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Catch the dragon’s tail

Discover how animals represent things in different cultures with this fun game from China. Will the head catch the tail?

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You’ll need

  • Device to play music

Talk about the dragon dance

  1. The person leading the activity should explain that the dragon dance is traditionally performed in Chinese culture, often during festive celebrations such as Chinese New Year. Dragons are thought to bring good luck to people.
  2. The person leading the activity should explain that a team of dancers move together so that they look like a long flexible dragon.

Play the game

  1. Everyone should split into teams of five people.
  2. Everyone should check that it’s OK to touch the person in front of them. If it is, they should put their hands on the shoulders of the person in front of them, or hold on to the bottom of their top.
  3. The player at the front of each dragon is the head, and the player at the back is the tail. Everyone else is the body.
  4. Everyone should check there’s enough space between themselves and the person in front of them—everyone’s arms should be straight. The person leading the game should remind everyone not to grip too tightly to the person in front of them, and should tell everyone that they must not run or pull on anyone.
  5. The person leading the game should start playing some traditional Chinese music.
  1. The person leading the game should say ‘go’. The head of each dragon should try to touch the tail. The players in the body should try to stop it happening, without letting go of the person in front of them.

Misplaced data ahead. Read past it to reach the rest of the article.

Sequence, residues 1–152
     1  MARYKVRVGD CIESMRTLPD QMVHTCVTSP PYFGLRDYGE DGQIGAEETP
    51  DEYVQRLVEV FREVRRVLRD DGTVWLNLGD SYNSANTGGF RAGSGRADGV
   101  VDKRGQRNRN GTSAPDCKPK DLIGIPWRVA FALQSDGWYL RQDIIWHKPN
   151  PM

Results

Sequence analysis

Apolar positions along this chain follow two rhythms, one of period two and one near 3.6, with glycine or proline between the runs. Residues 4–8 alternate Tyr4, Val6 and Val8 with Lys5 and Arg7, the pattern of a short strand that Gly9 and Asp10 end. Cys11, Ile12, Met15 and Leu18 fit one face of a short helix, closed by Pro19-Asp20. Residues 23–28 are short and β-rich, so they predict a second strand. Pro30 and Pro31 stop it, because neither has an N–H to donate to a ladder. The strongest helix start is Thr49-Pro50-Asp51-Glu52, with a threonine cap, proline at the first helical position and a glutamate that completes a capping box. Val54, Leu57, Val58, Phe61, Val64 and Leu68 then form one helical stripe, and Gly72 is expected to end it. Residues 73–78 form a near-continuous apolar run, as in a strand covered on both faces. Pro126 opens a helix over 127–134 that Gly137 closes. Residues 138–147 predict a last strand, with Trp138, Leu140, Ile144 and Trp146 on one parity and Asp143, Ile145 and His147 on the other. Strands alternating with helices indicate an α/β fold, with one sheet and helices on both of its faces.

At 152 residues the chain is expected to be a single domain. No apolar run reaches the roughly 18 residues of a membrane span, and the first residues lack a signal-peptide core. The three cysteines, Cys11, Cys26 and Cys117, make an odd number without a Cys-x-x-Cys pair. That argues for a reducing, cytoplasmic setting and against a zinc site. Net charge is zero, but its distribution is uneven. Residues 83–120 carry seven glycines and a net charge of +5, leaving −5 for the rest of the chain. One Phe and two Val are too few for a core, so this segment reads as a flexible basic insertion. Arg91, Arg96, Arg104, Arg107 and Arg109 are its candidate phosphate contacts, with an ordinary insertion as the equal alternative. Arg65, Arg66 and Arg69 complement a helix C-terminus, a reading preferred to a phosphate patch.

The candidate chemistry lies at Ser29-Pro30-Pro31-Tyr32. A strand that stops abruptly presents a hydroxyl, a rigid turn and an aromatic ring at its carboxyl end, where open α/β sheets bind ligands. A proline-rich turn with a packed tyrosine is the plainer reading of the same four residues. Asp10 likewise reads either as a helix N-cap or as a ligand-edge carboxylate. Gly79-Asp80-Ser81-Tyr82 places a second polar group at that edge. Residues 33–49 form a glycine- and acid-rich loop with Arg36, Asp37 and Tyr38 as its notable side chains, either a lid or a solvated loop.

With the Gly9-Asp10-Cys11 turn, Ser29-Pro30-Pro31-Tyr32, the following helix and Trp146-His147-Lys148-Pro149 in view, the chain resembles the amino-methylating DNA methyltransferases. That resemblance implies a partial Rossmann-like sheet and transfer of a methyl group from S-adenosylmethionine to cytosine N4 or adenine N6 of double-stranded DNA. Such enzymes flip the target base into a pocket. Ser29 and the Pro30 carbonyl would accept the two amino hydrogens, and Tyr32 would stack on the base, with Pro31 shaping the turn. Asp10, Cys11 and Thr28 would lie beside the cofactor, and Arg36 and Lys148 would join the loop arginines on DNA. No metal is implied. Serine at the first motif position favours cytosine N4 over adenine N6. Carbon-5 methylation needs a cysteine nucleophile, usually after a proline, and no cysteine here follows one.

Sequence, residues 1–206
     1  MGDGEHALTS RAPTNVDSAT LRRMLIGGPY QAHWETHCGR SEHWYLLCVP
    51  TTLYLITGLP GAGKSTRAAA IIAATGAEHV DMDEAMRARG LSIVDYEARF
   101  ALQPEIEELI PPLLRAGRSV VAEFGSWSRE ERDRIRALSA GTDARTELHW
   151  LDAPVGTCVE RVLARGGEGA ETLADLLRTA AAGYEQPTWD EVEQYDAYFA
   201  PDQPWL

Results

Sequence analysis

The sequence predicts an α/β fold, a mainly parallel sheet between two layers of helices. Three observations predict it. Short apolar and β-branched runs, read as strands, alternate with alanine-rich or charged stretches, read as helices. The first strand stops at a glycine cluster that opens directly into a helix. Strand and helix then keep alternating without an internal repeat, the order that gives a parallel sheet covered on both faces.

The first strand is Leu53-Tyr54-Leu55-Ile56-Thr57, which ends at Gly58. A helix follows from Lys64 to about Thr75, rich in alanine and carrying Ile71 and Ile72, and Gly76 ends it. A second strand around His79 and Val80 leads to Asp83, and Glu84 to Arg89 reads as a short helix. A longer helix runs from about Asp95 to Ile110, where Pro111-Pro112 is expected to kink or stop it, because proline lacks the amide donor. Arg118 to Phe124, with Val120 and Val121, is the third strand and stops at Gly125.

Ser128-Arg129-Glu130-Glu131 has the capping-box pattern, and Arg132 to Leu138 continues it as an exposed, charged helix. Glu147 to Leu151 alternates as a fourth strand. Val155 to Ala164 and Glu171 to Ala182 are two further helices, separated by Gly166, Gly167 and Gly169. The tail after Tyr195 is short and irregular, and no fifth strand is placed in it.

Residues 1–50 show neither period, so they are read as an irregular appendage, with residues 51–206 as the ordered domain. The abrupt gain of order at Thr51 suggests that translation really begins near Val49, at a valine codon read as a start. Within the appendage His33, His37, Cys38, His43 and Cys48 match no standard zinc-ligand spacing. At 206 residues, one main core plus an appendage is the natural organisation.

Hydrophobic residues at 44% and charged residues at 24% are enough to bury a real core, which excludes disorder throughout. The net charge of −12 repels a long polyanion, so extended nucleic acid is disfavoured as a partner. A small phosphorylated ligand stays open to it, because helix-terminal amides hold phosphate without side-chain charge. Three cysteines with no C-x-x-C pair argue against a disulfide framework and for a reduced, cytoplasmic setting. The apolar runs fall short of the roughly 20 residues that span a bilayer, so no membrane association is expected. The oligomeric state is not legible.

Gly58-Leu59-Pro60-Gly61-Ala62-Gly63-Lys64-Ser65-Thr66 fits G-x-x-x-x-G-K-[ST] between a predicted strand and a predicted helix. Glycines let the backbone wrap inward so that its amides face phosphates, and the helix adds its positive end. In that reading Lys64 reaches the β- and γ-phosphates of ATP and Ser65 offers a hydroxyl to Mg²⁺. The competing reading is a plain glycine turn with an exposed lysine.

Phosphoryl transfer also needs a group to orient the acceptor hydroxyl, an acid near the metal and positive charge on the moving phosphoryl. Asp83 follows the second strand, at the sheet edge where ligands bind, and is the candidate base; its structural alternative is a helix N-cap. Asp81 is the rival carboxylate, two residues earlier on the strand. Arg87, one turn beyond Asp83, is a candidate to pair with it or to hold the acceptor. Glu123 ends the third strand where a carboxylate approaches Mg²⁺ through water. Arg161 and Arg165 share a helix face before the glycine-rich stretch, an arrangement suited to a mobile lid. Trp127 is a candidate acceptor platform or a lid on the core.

2. When the head catches the tail, the dragon should stand still. The head should go to the back of the line to become the tail. The person who was second in line is now the head.
  3. Keep playing until everyone in each dragon has had a turn at being the head and the tail.


This activity helped remind you that you’re an international citizen, and helped you to respect others. You learned about a new culture. What do you think of when you hear the word ‘dragon’? You may think about monsters, breathing fire, and eating people. In China, dragons are lucky—people believe they bring people luck at festivals like Chinese New Year. Why is it useful to know what things like animals mean for people from other cultures?

Can you think of an animal that has meaning for you? For example, the English national animal is a lion, symbolising strength. Where do you see lions in England? They’re on sports kit (such as football teams), flags flying in places like the royal places, and on coins. The national animal of Scotland is the unicorn, Wales is the Welsh Dragon, and Northern Ireland doesn’t have a national animal. Animals can also have meanings in stories, such as the Harry Potter stories.

Even though some animals may mean different things here and in China, we all use animals to mean things. Can you think of any other similarities between you and young people in a country such as China?


All activities must be safely managed. You must complete a thorough risk assessment and take appropriate steps to reduce risk. Use the safety checklist to help you plan and risk assess your activity. Always get approval for the activity, and have suitable supervision and an InTouch process.

Contact games and activities

Make sure everyone understands what contact is acceptable, and monitor contact throughout the activity.

Ask a dragon to catch another dragon’s tail.

It’s up to you how many dragons play at once. They may take it in turns, or if you have enough space, more than one could have to avoid each other while playing.

Play the game at your own pace—change how you move, from walking, creeping, and hopping, to change the challenge.

Can your dragon dance? Move around the space in time to the music, weaving, ducking, and moving like a dragon.

Remember you can play this game at your own pace—it’s OK if people want to walk, not run. You could make a beat by clapping (or banging a drum) so people know how fast to move.

No one has to touch other people (or be touched). If people only want a turn as the head or the tail, that’s OK.

All Scout activities should be inclusive and accessible.

Make a group dragon by decorating large cardboard boxes. Hold them over your heads to make a long dragon, and make up a dance to perform to family and friends.